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Miami Masters 2017 Draw analysis: Could we see another Fedal final?

In the absence of both Novak Djokovic and Andy Murray, who will take up the mantle in Miami?

INDIAN WELLS, CA - MARCH 15:  Roger Federer of Switzerland shakes hands at the net after his straight sets victory against Rafael Nadal of Spain in their fourth round match during day ten of the BNP Paribas Open at Indian Wells Tennis Garden on March 15, 2017 in Indian Wells, California.  (Photo by Clive Brunskill/Getty Images)
Federer and Nadal are in opposite halves at Miami and could set up another final

The 2017 Miami Masters has perhaps one of the sparsest draws of a Masters tournaments in the past decade in terms of top seeds, with both World No. 1 Andy Murray and No. 2 Novak Djokovic sitting out the tournament. 

Top seeds missing

No. 1 Andy Murray has revealed he is suffering from an elbow injury that renders him unable to play at the Miami Masters. Only weeks ago, Murray crashed out in a second-round loss to Canadian qualifier Vasek Pospisil at Indian Wells – as did No. 2 Novak Djokovic.

Djokovic also sits out Miami this year with a similar elbow injury, and yesterday issued an apology to fans who had queued up for tickets to watch him play. 
"My doctor has strongly advised against play because my elbow injury, that I keep carrying on for months, got worse in the past week," he said.

The Serb, who was the defending champion at Indian Wells, saw a pre-quarterfinal straight sets loss to Australia’s Nick Kyrgios, continuing a run of poor form since the latter half of the 2016 season. 

As Djokovic is also the reigning champion at Miami, he will lose the 1,000 points he won here last year, broadening Andy Murray’s lead in the rankings. 

Top players in action

As a result of the top two withdrawing, No. 3 Stan Wawrinka, who played Roger Federer at the Indian Wells finals, will be the top seed. That cannot be repeated here, however, with top seed Wawrinka in the same half as No. 3 seed Federer. 

First Quarter: Stan Wawrinka is the top seed!

Top seed Stan Wawrinka headlines the draw – and his quarter, and as a result has an easy beginning into Miami, especially considering his form. The Swiss ace will face an easy early couple of rounds, but could meet one of two potential threts in Round three in the form of Alexandr Dolgopolov or Feliciano Lopez.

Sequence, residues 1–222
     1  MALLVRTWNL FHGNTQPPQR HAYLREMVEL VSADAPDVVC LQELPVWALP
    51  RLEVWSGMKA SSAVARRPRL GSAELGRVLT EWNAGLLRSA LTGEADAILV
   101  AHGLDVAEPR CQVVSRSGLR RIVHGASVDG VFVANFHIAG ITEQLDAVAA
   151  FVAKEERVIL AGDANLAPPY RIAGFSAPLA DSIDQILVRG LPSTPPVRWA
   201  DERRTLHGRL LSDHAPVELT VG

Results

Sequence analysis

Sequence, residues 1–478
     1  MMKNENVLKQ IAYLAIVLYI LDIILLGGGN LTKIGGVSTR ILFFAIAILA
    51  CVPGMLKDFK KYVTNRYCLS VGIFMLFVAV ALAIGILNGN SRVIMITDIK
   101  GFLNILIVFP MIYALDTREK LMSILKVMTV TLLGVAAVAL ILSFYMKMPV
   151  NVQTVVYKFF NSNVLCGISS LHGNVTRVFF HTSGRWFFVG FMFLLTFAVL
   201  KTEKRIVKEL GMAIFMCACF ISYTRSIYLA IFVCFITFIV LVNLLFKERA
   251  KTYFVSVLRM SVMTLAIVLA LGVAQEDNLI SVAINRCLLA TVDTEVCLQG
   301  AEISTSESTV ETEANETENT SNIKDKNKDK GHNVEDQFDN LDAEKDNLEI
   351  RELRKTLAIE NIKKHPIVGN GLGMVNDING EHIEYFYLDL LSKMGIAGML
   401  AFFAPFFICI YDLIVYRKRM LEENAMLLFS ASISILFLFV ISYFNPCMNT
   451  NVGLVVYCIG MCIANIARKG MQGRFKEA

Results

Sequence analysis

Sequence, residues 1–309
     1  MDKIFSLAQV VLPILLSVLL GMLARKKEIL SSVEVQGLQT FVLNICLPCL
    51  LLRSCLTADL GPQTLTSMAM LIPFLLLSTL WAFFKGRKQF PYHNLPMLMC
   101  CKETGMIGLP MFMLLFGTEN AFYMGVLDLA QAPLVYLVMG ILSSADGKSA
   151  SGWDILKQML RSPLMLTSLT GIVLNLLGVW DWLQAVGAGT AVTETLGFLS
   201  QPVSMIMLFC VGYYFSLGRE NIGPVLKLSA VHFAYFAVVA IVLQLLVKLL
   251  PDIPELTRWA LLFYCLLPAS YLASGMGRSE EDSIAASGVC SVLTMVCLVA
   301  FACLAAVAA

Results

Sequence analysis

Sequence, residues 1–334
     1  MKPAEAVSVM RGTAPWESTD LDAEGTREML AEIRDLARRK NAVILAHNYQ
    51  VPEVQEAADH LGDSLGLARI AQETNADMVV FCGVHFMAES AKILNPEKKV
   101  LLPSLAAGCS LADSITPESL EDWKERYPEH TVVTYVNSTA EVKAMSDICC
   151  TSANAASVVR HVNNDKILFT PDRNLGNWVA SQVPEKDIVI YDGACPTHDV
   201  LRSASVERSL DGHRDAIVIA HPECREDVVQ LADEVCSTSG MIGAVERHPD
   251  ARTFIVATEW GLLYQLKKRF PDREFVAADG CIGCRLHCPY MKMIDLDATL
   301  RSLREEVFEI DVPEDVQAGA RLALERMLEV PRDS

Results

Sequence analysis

Dolgopolov in particular will worry Wawrinka, given the Ukrainian World No. 67 leads the pair’s head-to-head record 2-1. Interestingly, the last time the two players met was also at the Miami Masters, but in 2014, with Dolgopolov emerging the victor. 

He could also face Spain’s Feliciano Lopez. 36th – ranked Lopez has also been a thorn in the side of his Swiss rival, and even in his losses has pushed Wawrinka to the brink in putting up a fight. He will still be less of a threat than Dolgopolov here, we feel, and so it is the tall Ukrainian ace that Wawrinka will want to be wary of on the court. 

Also in this quarter is Alexander Zverev, seeded 16th at the tournament. The German, who has taken multiple defeats over Roger Federer, should have it easy until Round 3, where he faces big server John Isner, who is seeded 18th here. But with Zverev’s form of late, the young player will not be very worried given his own booming serve and powerful groundstrokes. 

Another player to look out for in this quarter is the 12th seeded Nick Kyrgios. Although he has become more known perhaps for his antics on the court than his spectacular gameplay, the talented Kyrgios has punched in a series of excellent performances this year, and in the past fortnight twice ousted World No. 2 Novak Djokovic from their respective tournaments – in straight sets, most recently at Indian Wells.